Department of Microbiology and Immunology
Microbiology & Immunology Courses 2015-2016
MBIM-623G. Microbiology for Dental Students. Microbiology is a core course in the dental curriculum that is intended to foster a knowledge base and understanding of the fundamentals of bacterial physiology and genetics; clinical bacteriology, virology, parasitology and mycology; antimicrobial therapy; asepsis in dentistry; and infection control. The primary goals of the course are to explore the relationship between the physiology of medically important microbes to the pathobiological sequelae of human-microbial interactions, with particular reference to the role of oral microbes in human disease. Emphasis is placed on the study of oral ecology, dental caries, periodontal disease, hepatitis and AIDS. Laboratory instruction includes problem based, small group exercises in microbiology, with specific sections on oral flora and aseptic techniques. 4 s.h. (Schmidt) Spring.
MBIM-725. Virology. This course will introduce principles of virology to advanced microbiology students. The key areas to be covered include the unique features of replication of RNA and DNA viruses, the uses of viruses as vectors, and elements of viral pathogenicity. The material will be presented in a number of formats including lectures by faculty, written papers, oral presentations by students, and discussion of current and seminal literature. 3 s.h. (Kasman, Sutkowski, team) Spring or Fall Alternate Years.
MBIM-735. Molecular & Cellular Basis of Inflammmation & Immunity. This course represents an intensive and in-depth study of the areas of cellular immunology, immunogenetics, clinical immunology, and the immunobiology of tumor development. Each area will be presented with the intent of developing a sound understanding of experimental and theoretical observations. Emphasis will be placed on the most current research involving sophisticated methodology. 4 s.h. (Atkinson) Fall/Spring.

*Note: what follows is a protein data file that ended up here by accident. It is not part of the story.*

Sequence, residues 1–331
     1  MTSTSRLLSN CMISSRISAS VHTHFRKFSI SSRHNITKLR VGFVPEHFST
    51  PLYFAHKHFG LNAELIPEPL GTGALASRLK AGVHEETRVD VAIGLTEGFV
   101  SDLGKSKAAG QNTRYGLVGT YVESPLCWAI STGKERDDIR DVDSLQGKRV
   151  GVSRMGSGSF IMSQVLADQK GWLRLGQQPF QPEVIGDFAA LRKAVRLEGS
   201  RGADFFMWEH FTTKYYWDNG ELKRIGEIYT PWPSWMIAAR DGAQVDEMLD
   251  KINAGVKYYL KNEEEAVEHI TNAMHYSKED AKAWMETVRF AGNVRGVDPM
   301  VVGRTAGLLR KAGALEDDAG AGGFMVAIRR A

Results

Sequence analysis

MBIM-738. Introduction to Microbiology and Immunology Methods. This is an introductory research methods course with three goals:(1) to provide students with the planning and mathematical skills to correctly and confidently perform common microbiological and immunological laboratory techniques and collect the results, (2) to present adequate theoretical information about the techniques to enable students to critically appraise results presented in published articles, (3) to teach students how to interpret a methods section a published article such that they can write an adequate protocol for themselves and anyone wishing to repeat their work. There is no wet lab associated with this course. Class time will include approximately 1/3 lecture and 2/3 group active-learning activities. 4 s.h. (Kasman) Fall.